(S. Ct. 1909).

THE STATE OF WASHINGTON, on the Relation of Joshua Trickel,

                          No. 7879
52 Wash. 13, 100 P. 155
                    February 27, 1909, Decided

Application filed in the supreme court, January 25, 1909, for a
writ of mandamus to compel the superior court for Clallam county,
           Still, J., to enter a judgment of default.

MANDAMUS -- PLEADING -- ANSWER. Upon application for a writ of
mandamus, the defendant may both demur and answer.
INTERROGATORIES. The service by defendant of interrogatories,
within twenty days, constitutes an appearance, under a liberal
construction of Bal. Code, 4886, providing that a defendant
appears when he answers, demurs, or makes any application for an
order, or gives plaintiff written notice of appearance.

A. A. Richardson, for relator.
William B. Ritchie, for respondent.

MOUNT, JJ., concur. GOSE
{*13} On December 12, 1908, an action was commenced in the
superior court of Clallam county, wherein the relator was the
plaintiff and one James Gallagher was the defendant, for the
recovery of a judgment on a tort. Due service was made on the
defendant on said day, and on December 31 he caused certain
interrogatories, regularly entitled in the cause, to be served on
the relator, which were filed January 4, 1909. In the forenoon of
the last-named day, the relator filed a motion for a default
judgment, and forwarded the same by mail, together with the
affidavit of his attorney, and the files in the cause, to the
respondent in Island county, his district comprising the counties
of Island, Jefferson, and Clallam. In the afternoon of the same
day, the defendant, by his counsel, served and filed a demurrer
to the {*14} complaint, and upon the same day advised the
respondent by letter of the service and filing of the
interrogatories and the demurrer, and requested him to postpone
action in the case until the defendant could be heard. On January
14, the relator served upon the respondent an application for a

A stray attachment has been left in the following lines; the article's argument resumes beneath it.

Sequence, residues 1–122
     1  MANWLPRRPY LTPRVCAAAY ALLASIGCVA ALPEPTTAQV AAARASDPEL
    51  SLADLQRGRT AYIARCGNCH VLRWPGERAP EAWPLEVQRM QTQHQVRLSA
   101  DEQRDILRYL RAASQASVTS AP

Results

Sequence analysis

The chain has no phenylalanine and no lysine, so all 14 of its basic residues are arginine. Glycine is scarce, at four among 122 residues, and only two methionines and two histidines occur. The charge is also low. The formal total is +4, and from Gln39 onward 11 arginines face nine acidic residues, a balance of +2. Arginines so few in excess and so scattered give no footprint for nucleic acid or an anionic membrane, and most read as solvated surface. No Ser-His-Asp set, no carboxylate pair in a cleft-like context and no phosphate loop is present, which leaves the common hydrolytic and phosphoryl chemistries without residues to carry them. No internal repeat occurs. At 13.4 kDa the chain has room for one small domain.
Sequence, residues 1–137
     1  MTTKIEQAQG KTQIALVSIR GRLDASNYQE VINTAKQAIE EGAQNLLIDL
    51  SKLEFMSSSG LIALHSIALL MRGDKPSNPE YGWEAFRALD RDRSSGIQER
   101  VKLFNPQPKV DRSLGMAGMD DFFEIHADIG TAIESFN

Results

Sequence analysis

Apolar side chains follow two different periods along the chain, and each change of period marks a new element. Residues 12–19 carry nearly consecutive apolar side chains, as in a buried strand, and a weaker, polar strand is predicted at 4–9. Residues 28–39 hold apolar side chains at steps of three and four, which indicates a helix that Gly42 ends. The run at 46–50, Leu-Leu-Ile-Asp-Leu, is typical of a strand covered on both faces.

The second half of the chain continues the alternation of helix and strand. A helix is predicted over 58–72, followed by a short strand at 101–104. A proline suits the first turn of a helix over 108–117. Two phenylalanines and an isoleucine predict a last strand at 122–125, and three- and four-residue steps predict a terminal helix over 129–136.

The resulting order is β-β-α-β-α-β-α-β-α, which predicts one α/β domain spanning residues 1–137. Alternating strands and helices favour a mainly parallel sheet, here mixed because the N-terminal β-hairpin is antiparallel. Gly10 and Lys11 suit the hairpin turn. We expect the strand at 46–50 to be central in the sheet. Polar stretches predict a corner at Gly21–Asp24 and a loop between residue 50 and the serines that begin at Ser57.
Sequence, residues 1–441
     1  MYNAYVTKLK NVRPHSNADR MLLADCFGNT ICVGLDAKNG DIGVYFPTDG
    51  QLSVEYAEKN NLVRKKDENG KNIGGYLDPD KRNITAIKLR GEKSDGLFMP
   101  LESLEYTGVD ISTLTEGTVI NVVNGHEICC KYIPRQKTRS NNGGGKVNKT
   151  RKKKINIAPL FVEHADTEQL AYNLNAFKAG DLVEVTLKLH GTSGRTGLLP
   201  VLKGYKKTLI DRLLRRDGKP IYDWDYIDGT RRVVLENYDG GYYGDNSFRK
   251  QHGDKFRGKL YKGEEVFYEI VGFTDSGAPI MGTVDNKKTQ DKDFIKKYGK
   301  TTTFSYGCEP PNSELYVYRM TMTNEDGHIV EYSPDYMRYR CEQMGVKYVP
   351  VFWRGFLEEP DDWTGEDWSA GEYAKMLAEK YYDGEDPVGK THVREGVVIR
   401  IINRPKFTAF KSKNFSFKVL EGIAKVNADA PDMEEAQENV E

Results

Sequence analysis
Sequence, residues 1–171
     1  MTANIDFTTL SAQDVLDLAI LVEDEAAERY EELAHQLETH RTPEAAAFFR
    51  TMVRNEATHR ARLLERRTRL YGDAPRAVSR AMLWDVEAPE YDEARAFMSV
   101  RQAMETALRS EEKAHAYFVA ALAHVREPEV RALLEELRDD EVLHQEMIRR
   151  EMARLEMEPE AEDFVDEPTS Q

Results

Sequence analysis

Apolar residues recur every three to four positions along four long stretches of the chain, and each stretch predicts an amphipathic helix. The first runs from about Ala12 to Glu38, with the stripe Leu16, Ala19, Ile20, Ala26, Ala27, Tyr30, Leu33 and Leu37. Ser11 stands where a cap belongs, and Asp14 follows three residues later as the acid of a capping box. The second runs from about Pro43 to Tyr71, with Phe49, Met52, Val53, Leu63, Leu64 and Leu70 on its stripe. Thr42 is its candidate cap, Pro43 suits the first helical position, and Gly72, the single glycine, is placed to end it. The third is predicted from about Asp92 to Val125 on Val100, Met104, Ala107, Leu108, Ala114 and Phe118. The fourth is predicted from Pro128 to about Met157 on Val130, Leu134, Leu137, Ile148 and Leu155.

hearing upon his motion for default and upon the cause of action
stated in the complaint. Upon the refusal of the court to hear
his motion and grant him a default, an alternative writ was sued
out of this court, which the relator now seeks to have made
permanent, commanding the respondent to hear and determine such
To this writ the respondent has both demurred and answered, which
he may do under the rule announced in State ex rel. Jefferson
County v. Hatch, 36 Wash. 164, 78 P. 796. The answer, among other
things, recites that it is the opinion of the respondent that the
service of the interrogatories within the twenty days constitutes
an appearance in the cause, and entitles the defendant in the
original cause to notice of all subsequent proceedings, and that
the defendant had not been served either with the motion for
default or with notice of the application to have the same heard.
The relator urges that the defendant was in default, and
therefore not entitled to notice of the further proceedings in
the case. The only point to be determined is whether the service
of the interrogatories upon the relator was an appearance, within
the meaning of the statute. The law applicable to these facts
will be found in Bal. Code, 4886 (P.C. 342), the pertinent
part of which is as follows:
"A defendant appears in an action when he answers, demurs, makes
any application for an order therein, or gives the plaintiff
written notice of his appearance. After appearance a defendant is
entitled to notice of all subsequent proceedings."
Did the service of the interrogatories constitute "written notice
of his appearance?" In the solution of this question it becomes
germane to inquire the purpose of the statutory provision. {*15}
Evidently the object to be accomplished was that the plaintiff
might be apprised of the course to be pursued by the defendant,
and whether he intended to litigate the case. Our code enjoins
upon the courts the duty of giving a liberal interpretation to